Asians, Bad Ideas, Bar Exams, Ridiculousness

Can You Believe These Folks Passed The Bar Exam?

It’s fun to look at lists of bar exam passers. You can celebrate the success of your friends and derive schadenfreude from the failure of your enemies. And you can marvel or laugh at the names that some people have been saddled with by their parents.

We recently learned about two bar passers with such wacky names, it’s a miracle they survived the playground — then graduated from college and law school, and passed a very tough bar exam….

This news comes from my ancestral homeland of the Philippines. We learned about it via Rappler (one of the country’s best websites for news and commentary):

At noon Tuesday, March 18, upon the announcement of the Supreme Court (SC) of the results of the 2013 Bar Examinations, social media was abuzz over two names in the list of passers.

Habeas Corpuz, 35, and Nat King Coles, 34, were the subject of celebratory remarks online mainly due to their unique names.

Corpuz is named after a court order that requires appearance of a person under arrest before a court; Coles, after an American singer.

Yes, Habeas Corpuz got mocked as a kid, as he tells Rappler. But hey, things could have been worse — at least he wasn’t named Adolf Hitler.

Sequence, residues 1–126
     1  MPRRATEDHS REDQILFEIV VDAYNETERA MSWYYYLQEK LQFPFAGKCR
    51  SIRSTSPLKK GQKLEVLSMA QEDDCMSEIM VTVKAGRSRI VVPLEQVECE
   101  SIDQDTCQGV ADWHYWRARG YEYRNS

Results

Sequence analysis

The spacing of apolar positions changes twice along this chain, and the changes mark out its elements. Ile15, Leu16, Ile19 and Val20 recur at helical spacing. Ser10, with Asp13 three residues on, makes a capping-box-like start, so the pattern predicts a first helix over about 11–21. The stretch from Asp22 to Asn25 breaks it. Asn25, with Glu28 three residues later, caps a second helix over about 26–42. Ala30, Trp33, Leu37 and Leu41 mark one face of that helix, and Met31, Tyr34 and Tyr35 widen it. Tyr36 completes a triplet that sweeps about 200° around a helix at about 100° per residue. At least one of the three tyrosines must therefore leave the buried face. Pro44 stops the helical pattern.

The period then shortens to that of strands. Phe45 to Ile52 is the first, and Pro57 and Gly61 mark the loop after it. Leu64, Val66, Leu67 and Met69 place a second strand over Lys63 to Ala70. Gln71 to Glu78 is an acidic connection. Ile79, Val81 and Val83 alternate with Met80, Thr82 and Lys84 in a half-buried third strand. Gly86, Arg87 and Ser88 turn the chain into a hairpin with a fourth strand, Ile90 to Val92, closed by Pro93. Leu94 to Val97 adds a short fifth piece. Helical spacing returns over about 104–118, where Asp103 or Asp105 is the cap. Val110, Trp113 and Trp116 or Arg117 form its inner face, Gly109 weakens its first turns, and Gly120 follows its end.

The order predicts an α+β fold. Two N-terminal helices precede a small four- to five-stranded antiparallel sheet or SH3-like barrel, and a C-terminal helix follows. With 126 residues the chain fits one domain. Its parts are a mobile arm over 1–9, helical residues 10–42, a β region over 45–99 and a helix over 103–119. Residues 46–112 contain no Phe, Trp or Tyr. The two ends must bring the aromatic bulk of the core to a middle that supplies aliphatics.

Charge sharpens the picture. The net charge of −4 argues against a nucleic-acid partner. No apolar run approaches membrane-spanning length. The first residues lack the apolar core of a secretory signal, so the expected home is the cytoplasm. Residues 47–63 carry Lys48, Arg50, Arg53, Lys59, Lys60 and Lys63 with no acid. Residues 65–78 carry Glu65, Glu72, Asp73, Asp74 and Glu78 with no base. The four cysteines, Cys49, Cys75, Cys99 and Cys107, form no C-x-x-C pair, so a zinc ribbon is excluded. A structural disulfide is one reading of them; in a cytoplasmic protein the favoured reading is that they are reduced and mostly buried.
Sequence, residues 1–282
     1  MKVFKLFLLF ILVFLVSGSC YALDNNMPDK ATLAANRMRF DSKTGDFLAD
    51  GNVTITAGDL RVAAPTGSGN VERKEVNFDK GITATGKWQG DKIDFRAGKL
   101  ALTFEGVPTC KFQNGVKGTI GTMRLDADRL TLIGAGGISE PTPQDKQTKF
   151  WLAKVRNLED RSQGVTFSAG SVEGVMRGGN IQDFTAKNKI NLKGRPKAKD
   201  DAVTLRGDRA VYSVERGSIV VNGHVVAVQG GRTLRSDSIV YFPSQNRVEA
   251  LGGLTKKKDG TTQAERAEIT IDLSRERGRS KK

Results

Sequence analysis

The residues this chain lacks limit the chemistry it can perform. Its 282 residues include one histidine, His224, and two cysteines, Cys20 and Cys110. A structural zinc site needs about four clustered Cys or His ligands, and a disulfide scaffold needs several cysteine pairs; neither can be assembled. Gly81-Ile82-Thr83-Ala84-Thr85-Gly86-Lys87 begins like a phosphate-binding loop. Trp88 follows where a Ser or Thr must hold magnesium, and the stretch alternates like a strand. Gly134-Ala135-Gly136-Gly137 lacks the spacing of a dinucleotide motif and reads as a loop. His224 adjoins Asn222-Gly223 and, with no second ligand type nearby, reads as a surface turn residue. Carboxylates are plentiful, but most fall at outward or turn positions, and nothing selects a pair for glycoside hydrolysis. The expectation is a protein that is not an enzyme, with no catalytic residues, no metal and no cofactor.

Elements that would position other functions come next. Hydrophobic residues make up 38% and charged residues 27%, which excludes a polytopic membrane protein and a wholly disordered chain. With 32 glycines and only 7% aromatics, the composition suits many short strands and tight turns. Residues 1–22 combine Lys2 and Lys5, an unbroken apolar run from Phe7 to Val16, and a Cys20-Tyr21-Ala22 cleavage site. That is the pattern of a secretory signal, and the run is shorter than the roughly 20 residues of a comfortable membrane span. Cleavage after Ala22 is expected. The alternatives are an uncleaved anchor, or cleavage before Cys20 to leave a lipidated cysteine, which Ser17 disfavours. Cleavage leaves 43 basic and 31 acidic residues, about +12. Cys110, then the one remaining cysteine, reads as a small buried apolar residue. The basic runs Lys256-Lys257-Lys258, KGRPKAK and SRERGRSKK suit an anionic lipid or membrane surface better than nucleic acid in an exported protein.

A bit of cultural context: bizarre names are a thing in the Philippines. See, e.g., the Pascual family (who have given their kids such names as Macaroni, Spaghetti, Sincerely Yours, and Cheese Pimiento).

As noted by the Wall Street Journal (and as I know from my many relatives who are lawyers in the Philippines), the bar exam over there is notoriously difficult, with a passage rate this time around of about 22 percent — the lowest recorded since 2000. So congratulations to Habeas Corpuz, Nat King Coles, and all of the other bar passers, no matter what you’re named!

Bar passers Habeas Corpuz, Nat King Coles both instructors [Rappler]
Habeas Corpuz Passes Key Test in the Philippines [Southeast Asia Real Time / Wall Street Journal]

Earlier: New Jersey Court Rules Against the Parents of Adolf Hitler

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